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Powering 8 x Kemo 12w Amplifier Modules?

Discussion in 'General Electronics Discussion' started by yep, Jul 26, 2013.

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  1. yep

    yep

    7
    0
    Jul 26, 2013
    Hi there,

    First post here! Was wondering if you could help...

    I'm working on a project that requires 8 x Kemo 12w amplifier modules, each boosting a signal (from a computer's audio interface) to a 8 ohm mini speaker cone. 8 audio signals > 8 amps > 8 speakers, basically a micro multi channel system.

    Kemo 12w Amplifier module: http://www.maplin.co.uk/12w-universal-amplifier-module-46809 [/URL]

    My question is about powering the things... I've been experimenting with one and it's all working good. The max current consumption of 1 Kemo amp is 800mA, could I run all 8 from a single 9v DC 2.2A supply like this: http://www.maplin.co.uk/ac-dc-fixed-voltage-switched-mode-power-supplies-48484

    Or is this the one i need: http://www.maplin.co.uk/12vdc-10a-power-supply-with-2.1mm-tip-513521

    Also, I'm experimenting with a Kemo 3w Stereo amplifier module and I'm getting some annoying buzz and interference (I'm not getting this at all from the Kemo 12w), I have it hooked up the way it suggests in the data sheet and have tried the suggested way to get rid of hum etc. Any suggestions to eliminate the unwanted noise?

    http://www.kemo-electronic.de/datasheets/m055.pdf

    Any help and advice would be incredible and sorry for the basic questions.

    Nice to meet you all!

    Cheers!
     
  2. duke37

    duke37

    5,364
    772
    Jan 9, 2011
    I suggest you extract the relevant data from the data sheets. For instance, the amplifier has a maximum voltage supply of 10V.

    If you have eight amplifiers taking 800mA each, that makes 6.4A. A 2.2A supply may work if you keep the volume down or it may fry, why risk it?
     
  3. yep

    yep

    7
    0
    Jul 26, 2013
    Thanks a lot for the reply and advice. I'll go with a 12v 10A power supply to power 8 of the Kemo 12w.

    Thank again for you help.
     
  4. duke37

    duke37

    5,364
    772
    Jan 9, 2011
    I could not get at the data sheets again. If I was right previously, the amplifiers want less than 10V. They may have a very short but happy life if run on 12V particularly if the supply is not stabilised and the output is high on low loads.
     
  5. yep

    yep

    7
    0
    Jul 26, 2013
  6. (*steve*)

    (*steve*) ¡sǝpodᴉʇuɐ ǝɥʇ ɹɐǝɥd Moderator

    25,497
    2,838
    Jan 21, 2010
    Hum comes from a number of sources:

    1) power supply
    2) input leads
    3) ground loop
    4) signal source
    5) directly injected into the circuit

    For noise, you can add

    6) internally generated.

    You should be able to eliminate these one by one.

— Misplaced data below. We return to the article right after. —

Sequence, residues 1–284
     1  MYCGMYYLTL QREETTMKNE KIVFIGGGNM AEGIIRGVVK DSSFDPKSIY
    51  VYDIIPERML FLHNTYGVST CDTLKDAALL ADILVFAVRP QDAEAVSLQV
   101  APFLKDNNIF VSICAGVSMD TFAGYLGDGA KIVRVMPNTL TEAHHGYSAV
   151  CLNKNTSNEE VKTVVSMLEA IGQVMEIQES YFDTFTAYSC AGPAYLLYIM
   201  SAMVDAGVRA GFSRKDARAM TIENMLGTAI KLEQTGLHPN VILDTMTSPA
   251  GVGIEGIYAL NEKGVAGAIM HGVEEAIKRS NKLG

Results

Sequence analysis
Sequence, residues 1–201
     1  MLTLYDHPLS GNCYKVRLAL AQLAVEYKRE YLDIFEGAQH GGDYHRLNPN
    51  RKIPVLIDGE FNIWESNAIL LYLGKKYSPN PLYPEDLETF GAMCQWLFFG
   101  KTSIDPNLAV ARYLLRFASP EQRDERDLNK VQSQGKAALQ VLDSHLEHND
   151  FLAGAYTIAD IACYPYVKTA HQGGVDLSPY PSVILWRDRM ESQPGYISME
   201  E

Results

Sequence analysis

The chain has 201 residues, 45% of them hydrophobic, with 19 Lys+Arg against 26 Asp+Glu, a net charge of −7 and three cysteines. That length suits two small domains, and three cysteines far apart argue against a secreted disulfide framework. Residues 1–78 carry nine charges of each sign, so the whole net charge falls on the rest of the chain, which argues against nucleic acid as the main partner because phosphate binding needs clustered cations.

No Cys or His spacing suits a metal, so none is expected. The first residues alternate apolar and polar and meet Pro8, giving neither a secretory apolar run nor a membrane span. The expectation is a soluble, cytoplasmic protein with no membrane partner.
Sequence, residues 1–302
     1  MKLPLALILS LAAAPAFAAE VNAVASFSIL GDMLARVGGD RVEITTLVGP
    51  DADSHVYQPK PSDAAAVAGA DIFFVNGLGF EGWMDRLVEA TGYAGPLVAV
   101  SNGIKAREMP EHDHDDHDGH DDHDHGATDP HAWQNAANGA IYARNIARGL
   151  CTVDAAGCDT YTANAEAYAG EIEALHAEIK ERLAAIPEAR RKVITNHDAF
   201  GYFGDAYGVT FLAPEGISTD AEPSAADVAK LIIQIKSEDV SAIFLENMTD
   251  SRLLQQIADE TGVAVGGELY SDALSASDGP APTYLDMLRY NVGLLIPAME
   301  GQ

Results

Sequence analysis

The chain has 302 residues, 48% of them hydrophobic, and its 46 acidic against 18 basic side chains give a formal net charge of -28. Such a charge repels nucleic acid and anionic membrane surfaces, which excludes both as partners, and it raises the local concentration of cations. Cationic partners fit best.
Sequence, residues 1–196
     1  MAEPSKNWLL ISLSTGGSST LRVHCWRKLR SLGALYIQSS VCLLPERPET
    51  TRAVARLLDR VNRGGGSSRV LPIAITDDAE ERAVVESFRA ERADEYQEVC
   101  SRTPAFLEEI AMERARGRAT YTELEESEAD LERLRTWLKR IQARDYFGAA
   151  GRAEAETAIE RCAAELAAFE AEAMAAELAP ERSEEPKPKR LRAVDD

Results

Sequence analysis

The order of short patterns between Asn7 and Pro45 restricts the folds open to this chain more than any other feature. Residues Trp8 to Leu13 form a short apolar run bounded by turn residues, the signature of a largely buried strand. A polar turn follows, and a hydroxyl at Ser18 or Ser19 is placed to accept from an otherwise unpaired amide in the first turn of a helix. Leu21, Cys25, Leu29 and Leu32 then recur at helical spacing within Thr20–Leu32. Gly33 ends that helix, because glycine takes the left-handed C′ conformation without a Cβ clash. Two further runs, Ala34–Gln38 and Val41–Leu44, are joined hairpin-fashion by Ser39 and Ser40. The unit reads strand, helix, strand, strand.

For example shorting the input very close to the amplifier removes (2) and (4)

    If a large capacitor placed across the supply rail doesn't have any effect at low volume levels, you have almost certainly eliminated (1).
     
  7. yep

    yep

    7
    0
    Jul 26, 2013
    That's great advice. Thanks. I'll try all these tonight.

    Just a question... and please excuse my lack of knowledge, what do you mean by "shorting the input very close to the amplifier"?

    Also, in the hook up diagram there are a couple of things I don't fully understand. In the diagram, arrows on the ground pot lugs indicates that they go to an external ground (I have them hooked up to the negative input of the amp)... what does this mean? Where do I also hook them up to? Also, in the diagram the input arrow appears to cross the ground lug on the pots... do these have to be connected?

    http://www.kemo-electronic.de/datasheets/m055.pdf

    Oh and the type of noise coming from the Kemo 3w is a faint but audible high pitched squeal (around 10-12khz). I've already tried putting a 1000uf cap across the power rails and no change in noise.

    Thanks again.
     
  8. (*steve*)

    (*steve*) ¡sǝpodᴉʇuɐ ǝɥʇ ɹɐǝɥd Moderator

    25,497
    2,838
    Jan 21, 2010
    That means connect both input terminals together. It might be by placing a short wire link across screw terminals, or making a plug that has the ground and signal connected together and plugging that in, or possibly even by actually soldering a wire across the input.

    Just make sure you only do this to the input. Doing it to outputs will cause the magic smoke to come out.

    The arrows indicate these wires go to your input. The one with the ground symbol on it is the one that should go to the ground of your input signal (if one side is grounded)

    That's not hum then...

    Is it in a car? Does the squeal stop when the car isn't running?

    Does it stop when you short the input?

    Is the amplifier "Class D" (or some later letter)?
     
  9. yep

    yep

    7
    0
    Jul 26, 2013
    It's not in a car... just using it on a table in the house.

    I tried shorting the input, as you suggested, but it doesn't stop the noise.

    I'm not sure if it's a Class D amp, I can't find any info in the documentation to say that it is or isn't. The closest thing I got was it's listing on the Farnell website has class d tags on it...

    Thanks.
     
  10. yep

    yep

    7
    0
    Jul 26, 2013
    Just another thing regarding the Kemo M055 stereo 3w amp. I came across another different hook up diagram. This one suggests a fuse between the + power. It has 7 leads but the amp only has 6? A bit confusing...

    Also, the arrow labeled 'L+R ground', is this connected to the negative of the power supply or somewhere else?

    Thanks.
     
  11. yep

    yep

    7
    0
    Jul 26, 2013
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